Work Plan

Jepson Bee Workshop

I had the great honor to be invited to the Jepson Herbarium native bee workshop hosted by the Urban bee lab at UC Berkeley. The event took place at the UC Hastings reserve nested deep in Carmel Valley. The workshop had attendance from all over the United States, and even someone from Australia and New Zealand. Most people were entomology researchers, and some museum docents. Photo Jun 07, 9 38 24 AM

The setting was not only magnificent to enjoy but it is also one of the areas with the highest diversity of native bees. About 400 different species can be found there. Keep in mind that there is an  estimated 20,000 different species of bees in the world. California has about 1600. Identifying this bees is no easy task, I learned. But it is important work to keep track of the health of the species.
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The workshop focused on learning to identify native bees and looking at which bees are attracted to which plants. This is helpful to understand what plants to use to support pollination in agriculture and healthy bee diversity. Our time there included lots of lectures about bee identification and the different research that the legendary Dr. Robbin ThorpDr. Frankie, Jamie and Sara are doing at the UCB bee lab. There was also a lecture on how to photograph bees up close by Rollin Coville. I was especially excited about that lecture because it gave me a good excuse to buy a macro lens that I have been dreaming about for years. We spend a lot of time in the lab looking at bees under the microscope but also a lot of time in the field observing and collecting bees.
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It became very apparent to me that this group of bee entomologist had low tolerance for anything non scientific. I asked about the healing properties of native bee venom compared with honey bees and got a what-are-you-talking-about-there-is-no-scientific-proof-for that response. So, for the most part, I kept my spiritual connection to the bees to myself. But I did share some of my apiteraphy success experiences and some people were interested on hearing my “non-scientific” bee stories.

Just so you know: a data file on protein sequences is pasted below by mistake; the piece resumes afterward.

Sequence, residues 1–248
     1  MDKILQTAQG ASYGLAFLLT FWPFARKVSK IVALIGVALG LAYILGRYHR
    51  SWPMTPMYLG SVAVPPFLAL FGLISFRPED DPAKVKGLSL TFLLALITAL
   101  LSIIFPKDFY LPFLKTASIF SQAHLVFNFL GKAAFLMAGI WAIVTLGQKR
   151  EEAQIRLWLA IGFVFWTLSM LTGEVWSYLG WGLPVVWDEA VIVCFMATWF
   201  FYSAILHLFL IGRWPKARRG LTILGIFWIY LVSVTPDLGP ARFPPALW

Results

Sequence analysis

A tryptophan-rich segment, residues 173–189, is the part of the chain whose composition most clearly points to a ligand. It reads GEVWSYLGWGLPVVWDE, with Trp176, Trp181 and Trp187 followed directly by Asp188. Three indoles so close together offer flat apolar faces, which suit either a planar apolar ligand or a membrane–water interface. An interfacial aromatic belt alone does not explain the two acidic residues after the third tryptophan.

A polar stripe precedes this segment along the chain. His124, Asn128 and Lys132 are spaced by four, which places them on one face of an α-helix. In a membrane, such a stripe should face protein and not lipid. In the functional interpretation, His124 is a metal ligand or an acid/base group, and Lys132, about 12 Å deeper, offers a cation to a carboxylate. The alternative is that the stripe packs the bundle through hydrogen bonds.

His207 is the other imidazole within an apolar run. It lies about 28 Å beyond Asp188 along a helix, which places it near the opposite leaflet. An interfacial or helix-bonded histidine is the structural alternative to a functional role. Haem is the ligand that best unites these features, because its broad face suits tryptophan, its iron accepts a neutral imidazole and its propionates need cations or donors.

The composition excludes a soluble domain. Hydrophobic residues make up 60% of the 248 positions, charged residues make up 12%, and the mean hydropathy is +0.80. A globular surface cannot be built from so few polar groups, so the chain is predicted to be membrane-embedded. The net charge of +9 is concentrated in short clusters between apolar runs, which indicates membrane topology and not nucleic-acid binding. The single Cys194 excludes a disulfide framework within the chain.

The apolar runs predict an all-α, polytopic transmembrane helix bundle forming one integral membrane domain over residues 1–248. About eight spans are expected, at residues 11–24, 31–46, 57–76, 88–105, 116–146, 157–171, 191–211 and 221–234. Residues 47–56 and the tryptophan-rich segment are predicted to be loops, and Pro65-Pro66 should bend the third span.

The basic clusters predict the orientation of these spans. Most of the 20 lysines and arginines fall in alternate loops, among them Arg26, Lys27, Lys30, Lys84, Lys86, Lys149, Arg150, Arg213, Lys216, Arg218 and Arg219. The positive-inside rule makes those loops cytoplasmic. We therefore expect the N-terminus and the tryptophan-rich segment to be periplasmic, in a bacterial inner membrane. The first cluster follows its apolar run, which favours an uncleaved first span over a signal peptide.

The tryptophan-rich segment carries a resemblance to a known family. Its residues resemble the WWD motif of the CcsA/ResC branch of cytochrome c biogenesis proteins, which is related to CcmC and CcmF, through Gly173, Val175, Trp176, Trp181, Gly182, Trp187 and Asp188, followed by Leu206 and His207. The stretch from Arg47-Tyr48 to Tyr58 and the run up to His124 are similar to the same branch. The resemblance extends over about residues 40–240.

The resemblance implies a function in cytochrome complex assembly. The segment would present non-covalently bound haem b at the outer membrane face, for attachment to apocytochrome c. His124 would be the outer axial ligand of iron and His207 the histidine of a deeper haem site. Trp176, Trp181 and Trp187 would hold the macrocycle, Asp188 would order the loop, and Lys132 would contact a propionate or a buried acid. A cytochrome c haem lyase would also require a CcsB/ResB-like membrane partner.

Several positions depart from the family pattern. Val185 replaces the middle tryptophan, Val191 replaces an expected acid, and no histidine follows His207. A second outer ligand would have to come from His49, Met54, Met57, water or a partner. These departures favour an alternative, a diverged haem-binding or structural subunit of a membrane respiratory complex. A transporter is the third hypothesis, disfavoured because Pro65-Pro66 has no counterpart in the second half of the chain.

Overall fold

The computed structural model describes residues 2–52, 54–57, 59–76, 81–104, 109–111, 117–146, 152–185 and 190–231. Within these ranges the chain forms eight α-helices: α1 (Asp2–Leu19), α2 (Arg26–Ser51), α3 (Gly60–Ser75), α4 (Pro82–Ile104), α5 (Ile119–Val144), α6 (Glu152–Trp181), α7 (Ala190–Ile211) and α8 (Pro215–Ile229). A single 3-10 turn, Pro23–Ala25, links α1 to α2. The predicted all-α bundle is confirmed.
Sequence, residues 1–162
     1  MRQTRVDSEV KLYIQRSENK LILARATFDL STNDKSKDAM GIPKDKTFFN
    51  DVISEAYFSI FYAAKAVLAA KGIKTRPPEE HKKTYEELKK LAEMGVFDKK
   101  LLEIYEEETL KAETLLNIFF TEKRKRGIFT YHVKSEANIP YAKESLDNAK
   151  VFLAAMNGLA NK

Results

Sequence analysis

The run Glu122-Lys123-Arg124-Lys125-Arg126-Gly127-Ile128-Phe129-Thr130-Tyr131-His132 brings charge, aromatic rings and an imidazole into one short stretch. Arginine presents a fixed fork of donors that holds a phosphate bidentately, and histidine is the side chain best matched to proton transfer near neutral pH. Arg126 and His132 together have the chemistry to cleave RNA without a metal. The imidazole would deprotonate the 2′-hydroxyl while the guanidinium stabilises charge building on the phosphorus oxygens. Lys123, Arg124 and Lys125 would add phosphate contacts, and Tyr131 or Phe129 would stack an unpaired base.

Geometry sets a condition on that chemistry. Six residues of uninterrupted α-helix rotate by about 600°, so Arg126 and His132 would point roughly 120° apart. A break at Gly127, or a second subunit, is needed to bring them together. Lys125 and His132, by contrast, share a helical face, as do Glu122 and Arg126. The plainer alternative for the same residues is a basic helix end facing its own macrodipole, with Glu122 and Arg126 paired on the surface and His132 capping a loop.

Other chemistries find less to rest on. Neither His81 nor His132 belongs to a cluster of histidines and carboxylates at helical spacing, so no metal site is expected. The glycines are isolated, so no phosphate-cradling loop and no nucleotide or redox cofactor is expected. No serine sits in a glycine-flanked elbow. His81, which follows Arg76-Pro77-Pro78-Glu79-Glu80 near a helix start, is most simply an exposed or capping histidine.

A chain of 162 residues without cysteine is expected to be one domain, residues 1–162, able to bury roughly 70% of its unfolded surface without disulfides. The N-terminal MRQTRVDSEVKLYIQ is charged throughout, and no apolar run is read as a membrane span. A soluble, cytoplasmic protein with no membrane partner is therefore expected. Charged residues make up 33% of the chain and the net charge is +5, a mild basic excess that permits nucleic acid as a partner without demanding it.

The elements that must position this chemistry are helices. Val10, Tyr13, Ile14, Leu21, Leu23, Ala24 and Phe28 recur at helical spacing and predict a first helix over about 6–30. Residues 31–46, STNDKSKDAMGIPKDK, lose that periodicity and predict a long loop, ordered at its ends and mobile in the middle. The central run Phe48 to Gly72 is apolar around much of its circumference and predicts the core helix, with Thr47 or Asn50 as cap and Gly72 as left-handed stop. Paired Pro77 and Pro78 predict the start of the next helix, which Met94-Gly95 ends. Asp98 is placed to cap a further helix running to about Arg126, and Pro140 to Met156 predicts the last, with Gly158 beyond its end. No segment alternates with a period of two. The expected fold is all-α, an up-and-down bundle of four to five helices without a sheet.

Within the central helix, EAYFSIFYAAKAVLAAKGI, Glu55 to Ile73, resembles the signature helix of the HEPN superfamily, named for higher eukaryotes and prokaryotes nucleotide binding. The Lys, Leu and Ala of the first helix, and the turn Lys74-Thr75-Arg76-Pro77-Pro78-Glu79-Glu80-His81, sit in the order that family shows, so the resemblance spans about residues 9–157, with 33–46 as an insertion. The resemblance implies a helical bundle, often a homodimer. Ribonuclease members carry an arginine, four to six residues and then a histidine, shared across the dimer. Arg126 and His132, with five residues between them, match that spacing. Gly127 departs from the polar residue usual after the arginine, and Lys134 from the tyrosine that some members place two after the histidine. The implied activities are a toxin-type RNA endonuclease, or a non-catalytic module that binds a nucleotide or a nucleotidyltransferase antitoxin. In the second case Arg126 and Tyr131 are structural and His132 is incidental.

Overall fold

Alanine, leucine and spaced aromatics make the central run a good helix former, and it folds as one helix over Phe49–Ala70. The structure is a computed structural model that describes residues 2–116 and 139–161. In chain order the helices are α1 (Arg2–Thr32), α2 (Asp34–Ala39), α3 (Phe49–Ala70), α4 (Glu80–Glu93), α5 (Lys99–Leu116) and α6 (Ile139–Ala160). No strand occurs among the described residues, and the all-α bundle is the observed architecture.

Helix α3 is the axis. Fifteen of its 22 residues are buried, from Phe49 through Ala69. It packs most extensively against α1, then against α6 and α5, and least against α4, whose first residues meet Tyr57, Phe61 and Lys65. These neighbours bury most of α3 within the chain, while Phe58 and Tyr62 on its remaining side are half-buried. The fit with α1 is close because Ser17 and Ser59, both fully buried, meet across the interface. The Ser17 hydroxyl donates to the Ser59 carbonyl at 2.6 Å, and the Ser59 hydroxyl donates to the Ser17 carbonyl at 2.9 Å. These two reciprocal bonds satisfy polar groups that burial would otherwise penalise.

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During out five day workshop, we were guided through the scientific process that they have developed to asses the population of native bees. We placed traps with with soapy water on different color plates in the field at 8′ intervals, and came back to collect the bees after 4 hours.
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We also collected bees with nets in specific plants. One of the research that they are doing is bee/plant relationship, looking at which bees are attracted to which plants.
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We then took those bees back to the lab, most of them were already dead but to be sure they were placed in jars with ethyl acetate/nail polish remover. We then placed them in a tea ball and dried them up with a hair drier to get their hair and wings all fluffy again. high tech!
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Then, the hardest part, pinning the bees. We had to careful insert a pin in the abdomen of the bees and place them with the wings, legs, antenna, etc. extended so they can dry up like that and be identified.
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We specified which bees were found at which plants and line them up so they can keep track. I gather all my bravery to do this work, in the name of science! This was hard enough for me and then one of the bees that I pinned started coming back to life and was moving on the pin. I was terrified. They took the bee away from me and put it on the freezer to make sure it died. They tried to convince me that since bees have no brains they feel no pain. Nice try! I was done pinning bees. There was no sharing circle or any other outlet to express my feelings and emotions with this group of scientist so I just went on a walk and waited outside until happy hour. I needed a drink!